19 Apr 2013, BioSpectrum Bureau , BioSpectrum
Singapore: The US FDA's Pulmonary-Allergy Drugs Advisory Committee (PADAC) has approved GlaxoSmithKline (GSK) and Theravance's Breo Ellipta as a once-daily inhaled treatment for the long-term, maintenance treatment of airflow obstruction in patients with chronic obstructive pulmonary disease (COPD) ) and also for the reduction of COPD exacerbations in patients with a history of exacerbations.
Breo Ellipta, is the proposed proprietary name for FF/VI 100/25 mcg, a combination of the inhaled corticosteroid (ICS) fluticasone furoate (FF) and the long acting bronchodilator (LABA) vilanterol VI (FF/VI). The FDA advisory committee also voted that the safety of FF/VI 100/25 mcg once daily in COPD has been adequately demonstrated for the proposed indications (10 for, 3 against).
Dr Patrick Vallance, president, pharmaceuticals R&D, GSK, said that, "We are pleased with the outcome. COPD is a debilitating and progressive disease. Its symptoms are often severe and can have a huge impact on patients' lives. This positive recommendation is a crucial first step towards making Breo Ellipta available for appropriate COPD patients across the US. We look forward to a final decision from the FDA later this year."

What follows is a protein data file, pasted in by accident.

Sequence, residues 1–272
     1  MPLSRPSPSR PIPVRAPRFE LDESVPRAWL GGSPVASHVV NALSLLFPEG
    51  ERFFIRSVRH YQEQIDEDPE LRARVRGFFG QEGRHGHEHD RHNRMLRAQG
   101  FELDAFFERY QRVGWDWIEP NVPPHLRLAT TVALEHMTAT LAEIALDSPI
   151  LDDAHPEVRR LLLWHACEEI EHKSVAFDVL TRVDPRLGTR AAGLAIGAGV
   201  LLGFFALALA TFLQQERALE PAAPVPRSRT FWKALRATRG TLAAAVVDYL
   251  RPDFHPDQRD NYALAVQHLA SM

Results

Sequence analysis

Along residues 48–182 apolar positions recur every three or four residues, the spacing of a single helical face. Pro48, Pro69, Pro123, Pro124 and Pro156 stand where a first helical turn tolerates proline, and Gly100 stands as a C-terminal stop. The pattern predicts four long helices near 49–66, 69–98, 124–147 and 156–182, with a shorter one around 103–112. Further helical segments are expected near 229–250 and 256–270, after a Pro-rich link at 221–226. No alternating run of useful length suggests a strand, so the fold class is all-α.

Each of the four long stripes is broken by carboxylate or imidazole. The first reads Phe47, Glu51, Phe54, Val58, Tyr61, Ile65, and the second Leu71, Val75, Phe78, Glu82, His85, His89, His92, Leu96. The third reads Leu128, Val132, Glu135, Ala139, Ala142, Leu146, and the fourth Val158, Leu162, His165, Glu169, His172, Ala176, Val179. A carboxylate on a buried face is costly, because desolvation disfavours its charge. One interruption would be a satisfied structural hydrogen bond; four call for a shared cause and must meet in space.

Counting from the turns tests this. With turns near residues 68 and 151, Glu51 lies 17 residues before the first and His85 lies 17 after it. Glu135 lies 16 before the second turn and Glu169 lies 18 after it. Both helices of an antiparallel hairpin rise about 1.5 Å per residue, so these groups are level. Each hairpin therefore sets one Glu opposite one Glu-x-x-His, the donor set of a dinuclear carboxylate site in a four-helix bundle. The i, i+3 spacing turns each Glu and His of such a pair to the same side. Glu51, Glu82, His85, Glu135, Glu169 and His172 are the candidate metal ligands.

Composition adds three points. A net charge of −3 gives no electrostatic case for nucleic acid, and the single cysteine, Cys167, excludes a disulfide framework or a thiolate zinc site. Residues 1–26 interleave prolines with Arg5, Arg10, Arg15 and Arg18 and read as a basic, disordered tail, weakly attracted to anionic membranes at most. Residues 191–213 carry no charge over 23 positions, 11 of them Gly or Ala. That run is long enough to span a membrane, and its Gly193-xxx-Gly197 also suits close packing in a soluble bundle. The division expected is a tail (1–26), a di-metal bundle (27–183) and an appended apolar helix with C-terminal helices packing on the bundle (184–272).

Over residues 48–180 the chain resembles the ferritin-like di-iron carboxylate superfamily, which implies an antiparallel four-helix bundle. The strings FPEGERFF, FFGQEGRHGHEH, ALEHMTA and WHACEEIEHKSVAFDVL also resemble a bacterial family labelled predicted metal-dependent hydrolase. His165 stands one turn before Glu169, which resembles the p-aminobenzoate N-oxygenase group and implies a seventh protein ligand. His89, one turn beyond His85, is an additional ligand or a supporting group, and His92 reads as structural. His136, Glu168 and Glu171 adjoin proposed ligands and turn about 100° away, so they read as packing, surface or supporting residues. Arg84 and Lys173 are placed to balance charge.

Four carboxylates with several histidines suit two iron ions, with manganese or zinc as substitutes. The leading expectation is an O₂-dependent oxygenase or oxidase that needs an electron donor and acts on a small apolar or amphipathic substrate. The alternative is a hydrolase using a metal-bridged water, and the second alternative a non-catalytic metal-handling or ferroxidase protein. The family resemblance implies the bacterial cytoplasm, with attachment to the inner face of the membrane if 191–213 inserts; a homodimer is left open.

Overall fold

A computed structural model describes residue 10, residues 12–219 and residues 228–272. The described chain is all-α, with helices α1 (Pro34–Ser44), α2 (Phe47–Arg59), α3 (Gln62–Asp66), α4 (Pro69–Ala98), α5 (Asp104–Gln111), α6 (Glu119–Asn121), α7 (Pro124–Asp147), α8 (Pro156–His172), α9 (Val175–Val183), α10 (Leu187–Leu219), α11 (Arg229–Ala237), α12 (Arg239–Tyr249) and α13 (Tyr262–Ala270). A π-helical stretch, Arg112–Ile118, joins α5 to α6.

"After a decade of development in this programme, our collaboration with GSK is one step closer to providing an important therapeutic option to COPD patients," said Mr Rick E Winningham, CEO, Theravance. "We are proud to collaborate with GSK on the development and potential commercialisation of treatments for COPD and other respiratory diseases. The panel's positive recommendation of Breo Ellipta represents an important achievement in a transformative year for Theravance."
In July 2012, a new drug application (NDA) was submitted to the FDA for the use of Breo administered by the Ellipta inhaler for the long-term once-daily maintenance treatment of airflow obstruction in patients with COPD, including chronic bronchitis and/or emphysema, and to reduce exacerbations of COPD in patients with a history of exacerbations.